The pilots' departure was witnessed by Sherpas and employees of GKN, the UK-based technology company that sponsored the Everest mission. After a couple of hours of unexpected delays, they wondered whether the attempt was even going to get off the ground at all!
Bear had 3 tries before he finally climbed out and headed north towards Mount Everest. Gilo, his fellow pilot, is the designer of the Parajet range of paramotors. Gilo unfortunately had engine trouble and was forced to turn back just as he was approaching the Everest peak. Bear however managed to climb well clear of the summit and circle the area a few times before heading back to Pheriche. In fact he reached 8,990 meters (29,494 feet) at 09:33 local time.
So there he was, marvelling at the view into Nepal, India and Tibet all at once. The great Himalayan mountain ranges didn't look so imposing from his vantage point apparently. He was higher than any mountain on Earth.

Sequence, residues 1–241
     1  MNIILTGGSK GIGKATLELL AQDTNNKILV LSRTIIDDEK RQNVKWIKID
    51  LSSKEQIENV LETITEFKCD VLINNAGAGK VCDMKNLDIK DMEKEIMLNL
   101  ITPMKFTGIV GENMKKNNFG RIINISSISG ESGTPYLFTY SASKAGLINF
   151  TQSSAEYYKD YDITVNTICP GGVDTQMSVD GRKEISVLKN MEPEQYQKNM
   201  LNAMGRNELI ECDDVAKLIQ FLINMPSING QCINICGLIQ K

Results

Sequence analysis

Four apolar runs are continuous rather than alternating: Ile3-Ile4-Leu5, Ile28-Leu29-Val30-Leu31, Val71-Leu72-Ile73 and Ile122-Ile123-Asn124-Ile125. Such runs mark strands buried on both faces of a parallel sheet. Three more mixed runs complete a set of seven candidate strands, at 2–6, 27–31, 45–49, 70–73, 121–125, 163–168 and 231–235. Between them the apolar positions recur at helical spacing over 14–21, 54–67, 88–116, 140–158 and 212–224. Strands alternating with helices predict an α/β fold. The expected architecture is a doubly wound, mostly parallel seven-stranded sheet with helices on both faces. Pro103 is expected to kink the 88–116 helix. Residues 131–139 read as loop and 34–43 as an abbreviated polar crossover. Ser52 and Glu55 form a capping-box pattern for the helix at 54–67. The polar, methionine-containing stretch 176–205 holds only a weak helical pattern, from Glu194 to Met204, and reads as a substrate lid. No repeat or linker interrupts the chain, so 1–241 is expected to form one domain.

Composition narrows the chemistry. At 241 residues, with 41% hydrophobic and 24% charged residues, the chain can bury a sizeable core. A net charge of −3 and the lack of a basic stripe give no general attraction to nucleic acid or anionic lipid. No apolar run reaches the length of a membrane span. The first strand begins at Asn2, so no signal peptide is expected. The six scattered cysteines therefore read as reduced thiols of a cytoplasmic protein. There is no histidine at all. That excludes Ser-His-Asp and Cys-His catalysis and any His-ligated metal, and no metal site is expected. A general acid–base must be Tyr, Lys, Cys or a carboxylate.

The motors they used were no ordinary paramotors, good though the latest ones are. Gilo oversaw the development of a 100 horsepower 4 stroke Wankel rotary engine, supercharged and intercooled. Just for this record attempt. To make things easier for the pilot, the motor was designed with a computer managed altitude compensating fuel injection system. Wow.
Want some more figures? How's this - 150 kilograms (330 pounds) of thrust using a 5-bladed prop which is 1.4 meters (4.6 feet) in diameter. Amazingly, the unit weighs only 38 kilograms (84 pounds) and that's including the harness.
All in all, the flyover was a real team effort. A triumph of planning, flying knowledge and paramotor design.
Paragliding Plans For Special Sports Event
Source: News & Star, U.K.
Date: 8 May 2007
According to this report, World Cup cricketer Paul Nixon, from Langwathby in the U.K. was planning a benefit day at Keswick Cricket Club on the weekend following the 8th May. These grounds at Fitz Park were once voted the 'loveliest cricket grounds in the UK'. That's nice you say, but where's the connection with paragliding?